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Man Bites Dog – Review

2 Jun

A triumph of film, no matter how big or how small, is still a triumph nonetheless. Seeing enormous spectacles of grandiosity that lays their budget out for all to see is great, but it’s equally great watching a much smaller effort that turned out to be something truly special, and in this case infamous. Man Bites Dog (or C’est arrivé près de chez vous, which translates to It Happened in your Neighborhood) is a controversial film made on a shoe string budget that is recognized now as a cult classic (depending on how you look at it) and also registered in the Criterion Collection, which is all the more note worthy. On its own, it’s also just a phenomenal, brilliantly evil movie.

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Rémy (Rémy Belvaux) and André (André Bonzel) are two documentary film makers who are in the midst of making a movie about a psychotically pleasant serial killer named Ben (Benoît Poelvoorde). The film makers feel honored to be let into Ben’s life as he shows off his family, friends, and girlfriend. On the other hand, he also takes them on a tour of his brutal side where he finds joy and money in killing men, women, and children of all races and ages. As the documentary crew go on more and more trips to kill, they soon become fascinated with all of the work that goes into murder and soon find themselves gleefully becoming part of them. Before too long it seems that Ben is now making the movie and the film makers are his key players.

There’s many different ways that one can analyze this movie. Some say it is an examination on violence in the media, others say it’s about the way society finds beauty in horror, and others say it poses the question of “how far is too far” in terms of documentary film making and reality television. Well, to put it simply, André Bonzel wrote in an introduction for the Criterion Collection DVD that it’s simply a movie about making a movie. Belvaux, Bonzel, and Poelvoorde wrote, starred, and directed this movie together with a budget that pretty much didn’t exist and calling in favors from friends and family just so they could get the movie done. No message or theme can ever shine through this film more than the thought of the perseverance throughout the entire year it took the film makers to complete this film, and now have it honored as much as it is.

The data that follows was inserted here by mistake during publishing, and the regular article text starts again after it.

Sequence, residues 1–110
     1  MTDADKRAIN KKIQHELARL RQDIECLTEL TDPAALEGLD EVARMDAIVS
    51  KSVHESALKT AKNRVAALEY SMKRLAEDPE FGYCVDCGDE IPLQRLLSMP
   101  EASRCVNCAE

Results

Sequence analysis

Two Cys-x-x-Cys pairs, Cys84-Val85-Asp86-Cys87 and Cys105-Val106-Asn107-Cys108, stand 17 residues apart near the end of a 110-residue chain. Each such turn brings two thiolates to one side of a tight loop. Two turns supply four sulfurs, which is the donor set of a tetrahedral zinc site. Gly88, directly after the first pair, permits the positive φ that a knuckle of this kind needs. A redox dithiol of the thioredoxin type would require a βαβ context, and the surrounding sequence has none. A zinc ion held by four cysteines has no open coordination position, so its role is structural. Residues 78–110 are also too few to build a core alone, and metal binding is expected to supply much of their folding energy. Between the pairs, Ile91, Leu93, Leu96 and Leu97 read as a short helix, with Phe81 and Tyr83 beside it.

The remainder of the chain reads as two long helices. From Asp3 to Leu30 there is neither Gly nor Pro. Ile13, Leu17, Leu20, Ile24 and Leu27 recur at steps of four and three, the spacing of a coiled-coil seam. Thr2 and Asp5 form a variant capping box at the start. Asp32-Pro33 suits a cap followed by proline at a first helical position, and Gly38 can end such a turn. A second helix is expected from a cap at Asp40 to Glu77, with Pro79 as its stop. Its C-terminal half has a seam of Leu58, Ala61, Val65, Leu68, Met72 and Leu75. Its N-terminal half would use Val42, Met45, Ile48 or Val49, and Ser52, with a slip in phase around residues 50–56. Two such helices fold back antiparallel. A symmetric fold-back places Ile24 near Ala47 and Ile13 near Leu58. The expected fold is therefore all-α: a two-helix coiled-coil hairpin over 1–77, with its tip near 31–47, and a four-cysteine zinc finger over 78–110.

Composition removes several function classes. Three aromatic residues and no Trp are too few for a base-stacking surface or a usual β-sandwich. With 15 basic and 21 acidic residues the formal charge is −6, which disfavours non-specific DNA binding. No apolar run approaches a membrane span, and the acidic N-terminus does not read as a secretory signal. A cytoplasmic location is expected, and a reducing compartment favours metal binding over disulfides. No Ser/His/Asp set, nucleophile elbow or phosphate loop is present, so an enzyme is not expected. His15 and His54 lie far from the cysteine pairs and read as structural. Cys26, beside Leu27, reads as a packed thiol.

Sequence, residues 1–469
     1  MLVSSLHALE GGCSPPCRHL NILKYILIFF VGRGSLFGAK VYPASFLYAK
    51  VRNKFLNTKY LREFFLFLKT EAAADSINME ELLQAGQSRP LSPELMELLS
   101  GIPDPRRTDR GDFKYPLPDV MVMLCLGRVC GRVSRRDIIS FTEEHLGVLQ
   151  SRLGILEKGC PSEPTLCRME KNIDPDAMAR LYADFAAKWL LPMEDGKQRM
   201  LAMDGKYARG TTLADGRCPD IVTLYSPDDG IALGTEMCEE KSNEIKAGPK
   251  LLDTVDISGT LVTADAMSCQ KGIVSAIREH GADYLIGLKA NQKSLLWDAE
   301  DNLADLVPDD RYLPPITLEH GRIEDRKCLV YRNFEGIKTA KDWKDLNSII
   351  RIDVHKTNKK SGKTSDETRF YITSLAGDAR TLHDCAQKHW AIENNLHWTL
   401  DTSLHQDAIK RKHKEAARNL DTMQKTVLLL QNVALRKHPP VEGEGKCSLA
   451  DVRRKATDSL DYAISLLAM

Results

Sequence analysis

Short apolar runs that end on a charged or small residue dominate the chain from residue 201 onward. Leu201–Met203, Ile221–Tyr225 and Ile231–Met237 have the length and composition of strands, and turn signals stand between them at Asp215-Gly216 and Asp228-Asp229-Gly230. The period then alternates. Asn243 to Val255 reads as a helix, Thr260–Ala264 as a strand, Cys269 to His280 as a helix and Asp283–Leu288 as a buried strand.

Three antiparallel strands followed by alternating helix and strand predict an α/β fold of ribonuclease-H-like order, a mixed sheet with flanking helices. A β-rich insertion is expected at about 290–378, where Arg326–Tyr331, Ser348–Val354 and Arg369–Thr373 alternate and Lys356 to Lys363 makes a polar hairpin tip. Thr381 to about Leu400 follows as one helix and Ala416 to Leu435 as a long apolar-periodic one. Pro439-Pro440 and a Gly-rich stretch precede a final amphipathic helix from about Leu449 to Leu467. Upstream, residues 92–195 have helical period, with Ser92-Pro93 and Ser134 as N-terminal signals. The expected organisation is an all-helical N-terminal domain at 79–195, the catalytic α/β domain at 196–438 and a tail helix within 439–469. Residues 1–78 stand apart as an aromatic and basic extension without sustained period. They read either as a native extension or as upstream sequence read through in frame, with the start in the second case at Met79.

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If Man Bites Dog was made with a good sized budget and beautiful lighting with actors that we all know, I’m absolutely positive it wouldn’t be as affective as it actually was. The black and white film makes it look gritty and real and keeps with the cinéma vérité style that the film makers were trying to recreate. Sure, this movie isn’t pure cinéma vérité, but it recreates it very well and makes it feel like these two documentarians went out, found a serial killer, and got mixed up in his gruesome business. There’s also a hefty use of long takes in this movie, and anyone who knows me or reads this blog knows how much I adore the use of long takes. I just can’t stop thinking about how much the style lends to the success of this movie.

All of this style would be out the window if it wasn’t for a good screenplay and good performances. In a film made like this, these two factors may not be as strong as you’d want them to be. Even in Clerks, the writing is great, but some of the acting redefines the word “iffy.” That’s not the case in Man Bites Dog. All three of the main actors give great performances, but the one that really stands out is Benoît Poelvoorde. He brings the character of Ben to life with such cartoonish realism, it’s almost scary. In fact, there are times when it is scary. The times when he is spouting his bullshit philosophies on religion, race, and architecture, I can’t help but laugh. When he’s anyway around people, it gets scary. This movie may be scary and brutal, but it’s also laugh out loud funny, and that’s saying something.

Man Bites Dog is brutal, hilarious, and surprisingly effective film that hasn’t left my mind since I finished watching it. Seeing a group of film makers go out with almost no money or resources and make a movie that has become praised by film buffs and critics is always great to watch. It’s pretty much on the same level as Clerks but on the opposite end of the spectrum. This is a very dark film that may or may not want to make you analyze it. Personally, I don’t feel the need to analyze it. I take it as what André Bonzel said it was: a movie about making movies. If you think you can stomach the unflinchingly awful content, check out Man Bites Dog.

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